Director for Technology for the Fayette County Schools used a Facebook photo of a student in a red bikini during a district-wide seminar about the dangers of posting pictures on the internet — except now the student, Chelsea Chaney, is suing the school district because nobody asked her permission before using the photo.
“I was embarrassed. I was horrified. It never crossed my mind that this would ever, ever happen to me,” Chaney, now a freshman in college, tells WSBTV in Atlanta. She posted the photo, which features her standing next to a cardboard cutout of Snoop Dogg, thinking only friends and friends of friends on Facebook could see it.
Chaney is now suing for $2 million because she says she wants her claim to be taken seriously, saying she did not give her permission for the photo to be used.
It’s an interesting legal case, because Chaney not giving her permission and the photo winding up in an embarrassing situation is … kind of the point of the seminar. It all comes down to whether she gave up her need for permission by posting the photo to a social media site.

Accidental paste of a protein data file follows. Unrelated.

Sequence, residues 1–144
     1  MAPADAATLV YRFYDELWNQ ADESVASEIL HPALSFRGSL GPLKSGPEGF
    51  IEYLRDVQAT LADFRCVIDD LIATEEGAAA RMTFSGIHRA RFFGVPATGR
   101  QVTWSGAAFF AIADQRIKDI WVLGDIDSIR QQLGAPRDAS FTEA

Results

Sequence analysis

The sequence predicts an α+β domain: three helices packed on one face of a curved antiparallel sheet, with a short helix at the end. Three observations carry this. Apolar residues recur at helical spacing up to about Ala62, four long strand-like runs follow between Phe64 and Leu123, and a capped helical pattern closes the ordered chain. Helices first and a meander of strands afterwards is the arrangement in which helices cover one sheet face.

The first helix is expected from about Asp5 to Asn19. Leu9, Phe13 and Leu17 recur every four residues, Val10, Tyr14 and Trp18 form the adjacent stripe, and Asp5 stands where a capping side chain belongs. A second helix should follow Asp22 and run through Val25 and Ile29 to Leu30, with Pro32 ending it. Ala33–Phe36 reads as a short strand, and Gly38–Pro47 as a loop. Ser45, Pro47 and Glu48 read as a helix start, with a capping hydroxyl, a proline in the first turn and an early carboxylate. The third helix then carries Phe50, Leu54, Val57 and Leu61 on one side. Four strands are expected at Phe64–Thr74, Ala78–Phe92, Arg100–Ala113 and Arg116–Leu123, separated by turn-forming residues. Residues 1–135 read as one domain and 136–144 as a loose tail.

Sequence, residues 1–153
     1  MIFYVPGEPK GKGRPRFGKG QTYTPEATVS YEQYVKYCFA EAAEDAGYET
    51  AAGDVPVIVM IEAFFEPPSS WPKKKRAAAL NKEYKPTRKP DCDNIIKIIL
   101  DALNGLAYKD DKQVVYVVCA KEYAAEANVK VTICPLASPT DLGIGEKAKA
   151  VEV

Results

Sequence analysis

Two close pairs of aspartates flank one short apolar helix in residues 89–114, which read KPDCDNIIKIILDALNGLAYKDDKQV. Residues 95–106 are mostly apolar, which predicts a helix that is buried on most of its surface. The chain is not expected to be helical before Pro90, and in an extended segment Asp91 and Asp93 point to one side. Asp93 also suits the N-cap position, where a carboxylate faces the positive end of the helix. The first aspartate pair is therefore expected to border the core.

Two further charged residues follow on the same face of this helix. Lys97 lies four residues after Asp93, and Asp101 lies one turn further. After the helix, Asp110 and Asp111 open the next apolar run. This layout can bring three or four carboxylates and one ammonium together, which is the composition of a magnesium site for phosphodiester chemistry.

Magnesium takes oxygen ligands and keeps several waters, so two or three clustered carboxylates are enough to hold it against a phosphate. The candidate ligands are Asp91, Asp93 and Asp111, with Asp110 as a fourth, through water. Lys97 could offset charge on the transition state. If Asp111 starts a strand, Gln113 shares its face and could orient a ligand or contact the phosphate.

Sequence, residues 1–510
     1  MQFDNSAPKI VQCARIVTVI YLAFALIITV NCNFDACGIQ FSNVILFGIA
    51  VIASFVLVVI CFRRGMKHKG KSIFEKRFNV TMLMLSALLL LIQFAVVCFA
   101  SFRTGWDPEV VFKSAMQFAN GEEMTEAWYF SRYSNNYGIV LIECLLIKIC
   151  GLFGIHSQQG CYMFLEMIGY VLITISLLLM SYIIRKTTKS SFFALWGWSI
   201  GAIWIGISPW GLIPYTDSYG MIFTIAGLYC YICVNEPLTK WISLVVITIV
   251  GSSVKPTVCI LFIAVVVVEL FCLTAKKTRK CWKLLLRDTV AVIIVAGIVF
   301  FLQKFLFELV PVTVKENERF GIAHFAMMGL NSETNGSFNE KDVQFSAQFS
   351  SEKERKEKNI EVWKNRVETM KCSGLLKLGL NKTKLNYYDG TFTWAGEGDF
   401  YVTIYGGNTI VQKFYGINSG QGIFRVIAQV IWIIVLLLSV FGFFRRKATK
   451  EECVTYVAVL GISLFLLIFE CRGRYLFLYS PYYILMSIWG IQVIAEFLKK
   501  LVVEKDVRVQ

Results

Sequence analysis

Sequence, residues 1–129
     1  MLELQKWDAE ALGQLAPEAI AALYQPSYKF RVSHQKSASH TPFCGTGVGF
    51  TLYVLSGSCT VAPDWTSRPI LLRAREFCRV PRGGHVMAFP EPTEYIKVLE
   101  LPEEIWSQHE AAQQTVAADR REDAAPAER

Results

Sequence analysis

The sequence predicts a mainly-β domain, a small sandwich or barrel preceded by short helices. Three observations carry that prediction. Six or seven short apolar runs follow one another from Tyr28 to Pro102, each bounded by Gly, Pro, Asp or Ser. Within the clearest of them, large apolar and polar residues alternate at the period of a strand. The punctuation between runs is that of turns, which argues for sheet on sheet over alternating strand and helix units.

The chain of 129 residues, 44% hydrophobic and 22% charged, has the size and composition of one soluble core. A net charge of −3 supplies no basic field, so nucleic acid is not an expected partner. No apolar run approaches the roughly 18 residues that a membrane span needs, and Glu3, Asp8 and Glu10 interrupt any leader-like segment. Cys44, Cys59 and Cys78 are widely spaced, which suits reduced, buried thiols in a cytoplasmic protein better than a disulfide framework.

Chaney’s attorney Pete Wellborn says, “Their idea that putting something on Facebook gives them a license to steal it and carte blanche to do with it what they did is wrong ethically, it’s wrong morally and it’s absolutely wrong legally.”
The current Facebook terms and conditions, however, state that users grant Facebook “a non-exclusive, transferable, sub-licensable, royalty-free, worldwide
license to use any [IP] content that you post on or in connection with
Facebook (‘IP License’). This IP License ends when you delete your IP
content or your account unless your content has been shared with others,
and they have not deleted it.”
It will be interesting to see what kind of precedent the judge sets in this case — did the school district need Chaney’s permission to use a photo she put out there that someone obviously freely found on Facebook? Did the district need Facebook’s permission? Or any permission at all?